A budget isn’t confining – it’s liberating. It allows you to spend your money on the things that are important to you.

Rule No. 2: Choose the Right Type of Credit Card

When you’re in college, you have the option of applying for a student credit card. There are some excellent options to choose from. But keep in mind that the Credit CARD Act of 2009 requires those under 21 to show they have enough income to pay for purchases bought with a credit card. If not, you’ll need a co-signer.

When survey respondents were asked what features they’d want in a student credit card, the most popular choice is a card that has no annual fee. The last thing a college student needs is another expense, and fortunately, many student cards don’t have annual fees.

If you don’t get approved for a student credit card, consider a secured credit card. Only 34.4% of the students surveyed know how a secured credit card works.

A secured card requires a small deposit, which lowers the risk for the credit card issuer. You get a credit card that you can use for purchases. The deposit stays in the account until you close your card. If you’ve used the card responsibly, you’ll get your deposit back.

Another option is to become an authorized user on a parent’s credit card. As long as your parent has good credit, you’ll start developing a credit score.

If you aren’t ready or don’t want a credit card, that’s fine. You can consider getting a credit-builder loan from your local bank or a credit union to help you build a credit history.

Rule No. 3: Pay Your Bills on Time

Payment history makes up 35% of your FICO score. Pay all of your bills on time and you’ll be on your way to good credit. And I mean absolutely all of your bills, not just your credit card bill.

There’s a vast amount of free financial tools to help you. Remember, if you have your financial foundation in place, you’ll know the status of your expenses, including when bills are due. But you can also set up email and text reminders for an added layer of protection.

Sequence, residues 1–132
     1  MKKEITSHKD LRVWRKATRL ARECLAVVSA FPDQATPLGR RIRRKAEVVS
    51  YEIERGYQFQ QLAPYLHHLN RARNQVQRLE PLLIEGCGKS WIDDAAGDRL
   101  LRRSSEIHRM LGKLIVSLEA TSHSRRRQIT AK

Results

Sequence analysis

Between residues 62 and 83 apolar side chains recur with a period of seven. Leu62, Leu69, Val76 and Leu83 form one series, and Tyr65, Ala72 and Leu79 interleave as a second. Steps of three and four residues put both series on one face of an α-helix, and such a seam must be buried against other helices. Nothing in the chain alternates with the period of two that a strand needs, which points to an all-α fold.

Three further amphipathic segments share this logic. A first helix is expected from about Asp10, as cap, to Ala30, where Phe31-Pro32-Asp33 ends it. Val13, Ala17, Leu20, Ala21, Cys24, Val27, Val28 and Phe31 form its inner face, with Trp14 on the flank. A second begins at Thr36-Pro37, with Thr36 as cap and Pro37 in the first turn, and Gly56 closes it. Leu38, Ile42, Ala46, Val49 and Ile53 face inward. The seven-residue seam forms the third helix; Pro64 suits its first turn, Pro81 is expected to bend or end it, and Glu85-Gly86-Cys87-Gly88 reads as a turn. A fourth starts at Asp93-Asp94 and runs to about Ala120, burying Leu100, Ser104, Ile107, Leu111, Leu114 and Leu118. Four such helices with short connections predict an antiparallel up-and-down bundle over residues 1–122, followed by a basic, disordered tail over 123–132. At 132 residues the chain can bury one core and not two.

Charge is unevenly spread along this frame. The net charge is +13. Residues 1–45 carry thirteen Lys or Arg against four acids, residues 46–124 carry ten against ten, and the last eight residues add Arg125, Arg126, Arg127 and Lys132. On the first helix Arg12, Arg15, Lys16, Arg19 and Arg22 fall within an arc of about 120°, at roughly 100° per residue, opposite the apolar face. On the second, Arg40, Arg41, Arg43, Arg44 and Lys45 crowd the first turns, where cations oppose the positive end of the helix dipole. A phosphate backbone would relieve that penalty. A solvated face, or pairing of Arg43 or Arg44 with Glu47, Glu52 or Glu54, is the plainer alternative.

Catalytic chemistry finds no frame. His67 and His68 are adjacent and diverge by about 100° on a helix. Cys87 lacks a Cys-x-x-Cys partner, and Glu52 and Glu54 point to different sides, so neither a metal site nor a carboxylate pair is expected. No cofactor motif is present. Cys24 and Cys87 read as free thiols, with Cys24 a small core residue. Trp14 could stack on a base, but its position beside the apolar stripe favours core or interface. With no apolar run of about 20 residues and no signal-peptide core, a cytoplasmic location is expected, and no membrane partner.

Rule No. 4: Don’t Carry a Balance

Survey respondents were asked what is meant by carrying a balance on a credit card. Only a little over a third know that it means paying less than the full amount due each month.

Another survey question asked what would happen if you don’t pay the entire balance that’s due. Almost half correctly understand that your balance would increase every month.

But 20% say that carrying a balance increases your credit score. A popular myth about credit scores is that you have to carry a balance from month to month to build a great credit score. Honestly, this is a credit myth that spans generations. The truth is that it can lower your credit score. This is because your balance is related to your credit utilization ratio, which I explain in Rule No. 5.

Rule No. 5: Watch Your Credit Utilization Ratio

Your credit utilization ratio is the amount of credit you’ve used compared with the amount of credit you have available. Credit utilization makes up 30% of your FICO score. This is why a high balance on your credit card can decrease your credit score.

The ideal credit utilization ratio is 30% or less. Score algorithms look at your utilization ratio across all of your credit limits. But they also look at the utilization ratio on each individual card. So you can’t max out one of your cards and not see a dent in your score.

Rule No. 6: Review Your Credit Report

You can obtain your official free annual credit report at this website: AnnualCreditReport. Every four months, review a credit report from one of the three major credit bureaus: Equifax, Experian and TransUnion.

Look at the report for errors or signs of fraud. For instance, if you see a new account that you didn’t open, that’s a red flag, and it could be a sign of identity theft. If you do suspect credit card fraud or identity theft, report it to the Federal Trade Commission and follow the steps on that website.